Using a Snuffer to Put Out a Fire Pit

A snuffer goes on top of the fire pit like a lid, cutting off the oxygen flow and choking the fire. Some fire pits come with a snuffer, but you can always get one for your fire pit if you don’t already have one. To successfully do this you need to have the exact dimensions of the fire pit’s opening so that your lid fits nicely and seals all possible entry paths for air.

It is excellent for a wood burning fire pit as they often have enclosed burning areas in the form of a fire bowl or hardscaped fire pits. It doesn’t work if the fire pit has a cutout design because air will still find avenues into the pit to fuel the fire.

Putting Out a Gas Fire Pit

Fire in a natural gas fire pit is easiest to put out; you simply turn it off. Just ensure that any decorative ornaments around the burner are cool before you cover your gas fire pit with a lid, or you might end up damaging the lid or the ornaments.

Ensuring The Fire Pit Is Completely Put Out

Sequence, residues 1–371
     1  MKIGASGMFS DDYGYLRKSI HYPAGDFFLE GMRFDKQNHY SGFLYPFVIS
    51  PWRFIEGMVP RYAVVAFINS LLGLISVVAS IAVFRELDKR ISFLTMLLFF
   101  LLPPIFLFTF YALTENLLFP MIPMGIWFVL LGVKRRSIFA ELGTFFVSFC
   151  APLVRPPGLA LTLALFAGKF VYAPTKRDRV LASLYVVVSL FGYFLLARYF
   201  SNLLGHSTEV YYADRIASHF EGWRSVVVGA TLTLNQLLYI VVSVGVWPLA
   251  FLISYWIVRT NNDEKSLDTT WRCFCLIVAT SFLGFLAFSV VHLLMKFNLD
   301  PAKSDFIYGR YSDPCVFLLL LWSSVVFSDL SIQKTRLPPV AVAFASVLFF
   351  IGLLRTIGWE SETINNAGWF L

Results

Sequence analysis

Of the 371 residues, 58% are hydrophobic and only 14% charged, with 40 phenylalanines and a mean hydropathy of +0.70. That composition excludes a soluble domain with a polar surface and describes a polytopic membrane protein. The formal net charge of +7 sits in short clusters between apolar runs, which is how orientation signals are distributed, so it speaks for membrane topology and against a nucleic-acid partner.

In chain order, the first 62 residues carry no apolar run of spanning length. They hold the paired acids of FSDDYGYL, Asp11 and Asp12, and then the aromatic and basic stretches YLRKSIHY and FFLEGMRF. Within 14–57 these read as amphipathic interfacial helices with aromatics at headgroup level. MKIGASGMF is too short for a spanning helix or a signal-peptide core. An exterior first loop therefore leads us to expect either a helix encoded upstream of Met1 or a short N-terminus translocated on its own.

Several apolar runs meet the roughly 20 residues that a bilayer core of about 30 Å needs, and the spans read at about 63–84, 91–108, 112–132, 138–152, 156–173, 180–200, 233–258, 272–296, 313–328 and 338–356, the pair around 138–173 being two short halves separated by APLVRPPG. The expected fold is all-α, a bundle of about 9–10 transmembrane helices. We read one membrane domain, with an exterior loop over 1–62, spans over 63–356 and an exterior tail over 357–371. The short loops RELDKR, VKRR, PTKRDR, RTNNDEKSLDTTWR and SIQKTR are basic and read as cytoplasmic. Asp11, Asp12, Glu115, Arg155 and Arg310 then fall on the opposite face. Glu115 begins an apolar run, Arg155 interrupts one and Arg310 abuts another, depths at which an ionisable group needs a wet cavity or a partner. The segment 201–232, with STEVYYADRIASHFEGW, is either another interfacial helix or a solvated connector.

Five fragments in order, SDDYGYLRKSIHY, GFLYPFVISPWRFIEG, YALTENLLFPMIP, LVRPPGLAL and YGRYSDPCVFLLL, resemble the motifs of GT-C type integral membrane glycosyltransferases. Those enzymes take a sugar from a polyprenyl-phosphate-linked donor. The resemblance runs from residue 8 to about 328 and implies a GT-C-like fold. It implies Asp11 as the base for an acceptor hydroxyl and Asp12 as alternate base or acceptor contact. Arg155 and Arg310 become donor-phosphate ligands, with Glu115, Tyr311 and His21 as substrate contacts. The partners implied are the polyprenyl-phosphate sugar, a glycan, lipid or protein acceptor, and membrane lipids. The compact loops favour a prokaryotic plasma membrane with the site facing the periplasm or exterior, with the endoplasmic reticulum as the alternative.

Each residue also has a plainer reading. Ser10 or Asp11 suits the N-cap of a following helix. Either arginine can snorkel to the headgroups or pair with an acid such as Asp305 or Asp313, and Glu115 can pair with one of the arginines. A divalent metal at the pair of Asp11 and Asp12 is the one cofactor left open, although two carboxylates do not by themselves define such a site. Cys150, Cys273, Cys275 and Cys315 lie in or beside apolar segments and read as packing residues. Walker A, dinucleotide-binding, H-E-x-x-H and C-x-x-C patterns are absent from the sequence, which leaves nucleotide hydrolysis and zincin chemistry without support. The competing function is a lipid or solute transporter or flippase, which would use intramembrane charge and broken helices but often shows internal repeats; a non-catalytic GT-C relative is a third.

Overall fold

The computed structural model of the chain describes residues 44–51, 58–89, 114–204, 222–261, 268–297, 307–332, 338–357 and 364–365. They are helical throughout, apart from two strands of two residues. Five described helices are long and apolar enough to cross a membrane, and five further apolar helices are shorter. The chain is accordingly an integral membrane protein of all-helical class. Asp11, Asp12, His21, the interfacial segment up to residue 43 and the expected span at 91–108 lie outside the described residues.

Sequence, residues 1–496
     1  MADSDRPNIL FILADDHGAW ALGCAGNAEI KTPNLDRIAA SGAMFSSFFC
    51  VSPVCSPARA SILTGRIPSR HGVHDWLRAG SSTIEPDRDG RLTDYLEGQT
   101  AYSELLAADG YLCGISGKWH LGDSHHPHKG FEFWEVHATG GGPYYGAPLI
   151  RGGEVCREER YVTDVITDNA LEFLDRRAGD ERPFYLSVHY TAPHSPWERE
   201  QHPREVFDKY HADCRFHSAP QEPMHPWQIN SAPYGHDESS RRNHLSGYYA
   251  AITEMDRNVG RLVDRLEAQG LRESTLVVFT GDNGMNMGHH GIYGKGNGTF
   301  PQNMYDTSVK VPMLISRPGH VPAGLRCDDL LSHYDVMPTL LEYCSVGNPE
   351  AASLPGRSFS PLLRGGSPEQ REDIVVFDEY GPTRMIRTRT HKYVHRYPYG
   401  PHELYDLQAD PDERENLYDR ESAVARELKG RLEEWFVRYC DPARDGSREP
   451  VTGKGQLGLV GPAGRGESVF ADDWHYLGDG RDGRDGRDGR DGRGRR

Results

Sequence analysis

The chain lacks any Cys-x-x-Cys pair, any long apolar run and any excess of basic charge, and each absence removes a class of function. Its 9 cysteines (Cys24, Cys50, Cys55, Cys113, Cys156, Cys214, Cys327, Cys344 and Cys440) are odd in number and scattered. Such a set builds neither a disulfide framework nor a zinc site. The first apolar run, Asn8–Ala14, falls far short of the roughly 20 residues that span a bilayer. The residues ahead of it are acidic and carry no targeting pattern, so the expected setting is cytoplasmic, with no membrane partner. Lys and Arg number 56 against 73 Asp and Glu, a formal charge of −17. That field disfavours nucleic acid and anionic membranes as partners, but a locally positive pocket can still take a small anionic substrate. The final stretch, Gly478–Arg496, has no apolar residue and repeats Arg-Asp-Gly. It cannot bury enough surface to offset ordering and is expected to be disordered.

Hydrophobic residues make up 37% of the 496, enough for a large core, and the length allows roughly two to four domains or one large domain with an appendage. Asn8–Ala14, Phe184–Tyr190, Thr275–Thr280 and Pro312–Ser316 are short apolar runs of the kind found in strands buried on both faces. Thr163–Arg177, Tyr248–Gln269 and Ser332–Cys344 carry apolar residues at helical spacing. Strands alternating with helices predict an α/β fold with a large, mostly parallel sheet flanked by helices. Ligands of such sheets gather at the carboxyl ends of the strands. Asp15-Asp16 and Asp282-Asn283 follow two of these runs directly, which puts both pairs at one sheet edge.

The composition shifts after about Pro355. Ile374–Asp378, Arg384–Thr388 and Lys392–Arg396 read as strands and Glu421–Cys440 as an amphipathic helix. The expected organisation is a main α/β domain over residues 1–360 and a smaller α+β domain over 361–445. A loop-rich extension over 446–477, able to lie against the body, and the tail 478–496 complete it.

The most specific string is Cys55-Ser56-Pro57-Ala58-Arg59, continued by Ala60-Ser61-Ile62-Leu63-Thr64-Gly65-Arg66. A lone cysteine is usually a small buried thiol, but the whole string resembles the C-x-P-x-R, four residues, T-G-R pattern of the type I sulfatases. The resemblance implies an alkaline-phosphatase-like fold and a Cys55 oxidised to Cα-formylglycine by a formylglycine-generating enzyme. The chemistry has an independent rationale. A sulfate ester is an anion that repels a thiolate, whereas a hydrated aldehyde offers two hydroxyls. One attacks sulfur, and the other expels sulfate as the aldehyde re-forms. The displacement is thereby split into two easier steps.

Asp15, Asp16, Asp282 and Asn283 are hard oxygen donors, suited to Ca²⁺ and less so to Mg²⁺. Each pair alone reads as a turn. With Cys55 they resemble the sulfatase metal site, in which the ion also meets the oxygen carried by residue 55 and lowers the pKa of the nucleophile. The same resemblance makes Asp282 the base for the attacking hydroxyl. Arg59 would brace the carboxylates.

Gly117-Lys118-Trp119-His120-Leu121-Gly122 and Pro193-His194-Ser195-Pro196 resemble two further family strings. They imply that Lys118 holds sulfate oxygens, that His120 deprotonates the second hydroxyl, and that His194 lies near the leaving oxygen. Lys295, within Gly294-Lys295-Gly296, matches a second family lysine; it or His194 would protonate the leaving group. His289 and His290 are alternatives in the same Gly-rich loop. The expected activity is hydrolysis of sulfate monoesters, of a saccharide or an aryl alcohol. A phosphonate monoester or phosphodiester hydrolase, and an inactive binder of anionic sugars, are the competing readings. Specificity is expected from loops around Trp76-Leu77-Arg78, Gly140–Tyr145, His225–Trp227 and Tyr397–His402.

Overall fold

Used fire pit

A significant number of fire-related injuries happen after the fire is thought to be put out.

The tiniest ember can cause a massive backyard fire, especially when the conditions are dry. Check your surroundings to ensure there are no ashes or dry wood pieces that fell or were blown away. Look out for the smallest sparks.

Let the ashes cool completely before emptying the fire pit and dispose of the debris using a non-flammable container. Hold your hand above the ashes without touching them and feel for any residual heat. Moving the ashes while they’re still hot is risky because you might spark a secondary fire if any of them drop on the lawn and come into contact with possible fuel sources like dry grass, firewood, or pine needles. You might also get burned from touching hot embers.

Use a shovel or stick to spread out the remaining hot logs or coals. This speeds up the process of putting out the fire because when they are not touching, they are unable to hold on to the heat which lessens the chances of the fire reigniting. Pay special attention to large chunks of wood or coal as sometimes they seem cool on the outside but are harboring a lot of heat in the center.

Always keep a fire extinguisher, a garden hose, or a bucket of water or sand and a shovel close by to douse the fire in case it gets out of hand. It doesn’t hurt to have all of these on standby to increase your options. Assemble them in a dedicated fire kit close to your fire pit for easy access whenever they are required.

If you can’t put out the fire quickly or you feel it is getting out of control, call 9-1-1 or the nearest emergency services in your area.